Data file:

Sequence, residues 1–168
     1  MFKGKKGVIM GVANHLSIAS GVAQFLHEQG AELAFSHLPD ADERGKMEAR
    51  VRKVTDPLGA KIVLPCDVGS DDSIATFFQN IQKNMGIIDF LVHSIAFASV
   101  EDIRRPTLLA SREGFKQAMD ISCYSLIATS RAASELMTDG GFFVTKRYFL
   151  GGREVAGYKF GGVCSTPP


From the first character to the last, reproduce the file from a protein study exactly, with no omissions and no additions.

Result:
Sequence, residues 1–168
     1  MFKGKKGVIM GVANHLSIAS GVAQFLHEQG AELAFSHLPD ADERGKMEAR
    51  VRKVTDPLGA KIVLPCDVGS DDSIATFFQN IQKNMGIIDF LVHSIAFASV
   101  EDIRRPTLLA SREGFKQAMD ISCYSLIATS RAASELMTDG GFFVTKRYFL
   151  GGREVAGYKF GGVCSTPP